Theresa May's first privatization since becoming prime minister looks like it has just about given Macquarie Group Ltd. the better side of the deal.
On Thursday the British government agreed to sell its Green Investment Bank to a consortium led by the Australian infrastructure specialist for 1.7 billion pounds ($2.2 billion). It also gets out of a 600 million-pound investment commitment to the institution.
Financially, U.K. taxpayers can't grumble. The government has invested 1.5 billion pounds in GIB in stages since it was set up in 2012 to support clean energy projects. Start-up costs will have burnt some of that. An exit nearly five years on for a 160 million-pound gain may not look great. But adjust for the phasing of the invested cash and the annualized return is around 5 percent, according to a person familiar with the situation. That feels about right given that a large part of GIB's portfolio is low-yielding senior debt.
The sale has generated much controversy that it undermines the public policy objective of developing the clean economy in the U.K. Such fears are understandable but look overdone. When the GIB was established, the market was failing to provide capital to green energy projects and there was a clear need for state intervention. Today, the need for a state-backed funding vehicle is no longer obvious. Renewables have taken off as an investment theme and GIB hasn't exactly struggled to attract partners for its projects.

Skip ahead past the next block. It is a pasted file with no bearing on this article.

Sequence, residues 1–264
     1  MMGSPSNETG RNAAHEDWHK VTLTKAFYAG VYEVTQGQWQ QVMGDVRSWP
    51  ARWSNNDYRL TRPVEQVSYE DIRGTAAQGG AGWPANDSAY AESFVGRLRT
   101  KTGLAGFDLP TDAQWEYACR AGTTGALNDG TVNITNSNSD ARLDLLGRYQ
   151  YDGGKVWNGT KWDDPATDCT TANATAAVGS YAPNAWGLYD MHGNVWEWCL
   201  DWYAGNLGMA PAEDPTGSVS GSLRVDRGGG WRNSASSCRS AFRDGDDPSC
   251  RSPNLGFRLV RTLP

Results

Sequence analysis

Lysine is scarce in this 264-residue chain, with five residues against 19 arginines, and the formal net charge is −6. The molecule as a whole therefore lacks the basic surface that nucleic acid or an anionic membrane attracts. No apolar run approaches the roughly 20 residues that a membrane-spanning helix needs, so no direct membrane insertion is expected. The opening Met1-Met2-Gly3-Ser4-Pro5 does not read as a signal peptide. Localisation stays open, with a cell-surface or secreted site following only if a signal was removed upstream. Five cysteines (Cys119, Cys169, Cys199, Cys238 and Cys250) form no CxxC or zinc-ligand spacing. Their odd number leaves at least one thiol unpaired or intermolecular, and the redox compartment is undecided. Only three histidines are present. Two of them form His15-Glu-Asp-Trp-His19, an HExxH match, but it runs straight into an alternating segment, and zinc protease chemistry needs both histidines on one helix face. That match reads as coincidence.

Macquarie has assumed GIB's near-term investment targets and has committed to maintain its green ethos. A trust with five board members will check Macquarie is keeping its word. They can't direct GIB's executives. But Macquarie would suffer costly reputational damage if it attracted their opprobrium. That should ensure GIB sticks to its green mission. It is significant that the government can get happy with foreign takeovers so long as the governance feels right.
So the deal makes sense for the government. The U.K. needs the cash and recoups more than its founding investment. The rationale for the GIB as a public entity is gone. In any case, the government cannot afford to put substantially more money in with Brexit clouding the economic outlook.
But the deal makes even more sense for Macquarie. The price is around 1.1 times book value, according to person familiar with the situation. For this slight premium, the bank gets an established brand, a large portfolio, a heap of expertise and a useful network. It's not much to pay for saving five years' work.
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